Monday, June 22, 2009

New Rules!


By: Karen Saley
Extension Specialist

Have you ever wondered what all that fine print on your credit card statement says? Well, it actually says a lot, and you would be wise to read it. All that verbiage has been a source of frustration for consumers and a source of revenue for the credit card companies.

Contained in all that fine print are the terms and conditions related to your credit card. Unfortunately these terms are written in such a confusing manner that most people have a difficult time understanding them. This has made it very easy for credit card companies to implement some interesting money making strategies.

That will all be changing next year. The Federal Reserve has put a stop to some pretty shady practices on the part of the credit card industry by adopting some new rules that will help protect consumers.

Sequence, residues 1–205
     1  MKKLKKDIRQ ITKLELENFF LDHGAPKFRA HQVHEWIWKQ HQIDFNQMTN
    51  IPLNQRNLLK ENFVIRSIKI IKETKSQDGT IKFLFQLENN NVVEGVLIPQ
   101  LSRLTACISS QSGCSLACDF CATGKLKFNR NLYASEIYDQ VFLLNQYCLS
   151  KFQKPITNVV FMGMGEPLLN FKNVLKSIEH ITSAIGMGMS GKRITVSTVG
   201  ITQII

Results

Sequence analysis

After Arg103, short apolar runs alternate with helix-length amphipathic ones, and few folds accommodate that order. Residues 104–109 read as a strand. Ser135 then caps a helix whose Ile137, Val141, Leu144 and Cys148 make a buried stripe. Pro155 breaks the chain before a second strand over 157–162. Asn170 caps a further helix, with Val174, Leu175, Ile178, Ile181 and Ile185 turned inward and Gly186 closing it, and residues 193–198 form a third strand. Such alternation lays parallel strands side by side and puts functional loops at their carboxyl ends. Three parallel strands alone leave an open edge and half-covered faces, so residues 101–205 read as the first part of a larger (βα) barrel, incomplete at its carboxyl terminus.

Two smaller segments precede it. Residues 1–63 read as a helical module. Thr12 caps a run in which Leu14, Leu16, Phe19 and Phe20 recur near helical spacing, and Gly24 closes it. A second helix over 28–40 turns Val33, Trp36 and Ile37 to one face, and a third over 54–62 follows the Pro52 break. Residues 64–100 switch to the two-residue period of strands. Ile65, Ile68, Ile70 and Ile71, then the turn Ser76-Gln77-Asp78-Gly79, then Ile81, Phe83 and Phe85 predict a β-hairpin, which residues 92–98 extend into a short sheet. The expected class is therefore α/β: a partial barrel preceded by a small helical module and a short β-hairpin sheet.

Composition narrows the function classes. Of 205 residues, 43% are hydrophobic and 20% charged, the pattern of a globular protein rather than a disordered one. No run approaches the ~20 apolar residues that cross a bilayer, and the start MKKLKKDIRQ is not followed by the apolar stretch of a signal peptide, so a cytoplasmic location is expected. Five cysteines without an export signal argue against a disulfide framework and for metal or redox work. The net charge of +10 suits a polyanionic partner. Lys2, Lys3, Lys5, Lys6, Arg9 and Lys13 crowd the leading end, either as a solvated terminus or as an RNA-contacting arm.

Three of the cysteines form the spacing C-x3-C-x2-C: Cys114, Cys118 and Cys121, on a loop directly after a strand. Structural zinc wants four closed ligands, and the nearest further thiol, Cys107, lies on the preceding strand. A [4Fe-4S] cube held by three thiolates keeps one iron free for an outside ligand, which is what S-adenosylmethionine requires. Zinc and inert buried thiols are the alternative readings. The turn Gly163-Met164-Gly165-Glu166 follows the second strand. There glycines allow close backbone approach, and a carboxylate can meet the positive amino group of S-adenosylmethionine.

What will the new rules do for consumers?

• Protect consumers from unexpected interest charges, including increases in the rate during the first year after account opening, unless it is stated up-front when the account is opened.

• Prohibit credit card companies from raising interest rates on money already borrowed unless it was borrowed on a variable rate card, or the minimum payment is made more than 30 day late.

• Forbid banks from imposing interest charges using the "two-cycle" billing method. This method charges interest on amounts already repaid.

• Require that consumers receive a reasonable amount of time to make their credit card payments. A late fee cannot be imposed if the bill was mailed less than 21 days before the due date.

• Prohibit the use of payment allocation methods that unfairly maximize interest charges. Payments must be allocated fairly among credit cards with different interest rates.

• Address subprime credit cards by limiting the fees that reduce the amount of available credit.

Remember, these rules will not be put in place until July 1, 2010. In the mean time take a few minutes and read that fine print. The credit card companies will be trying to maximize their profits while they can.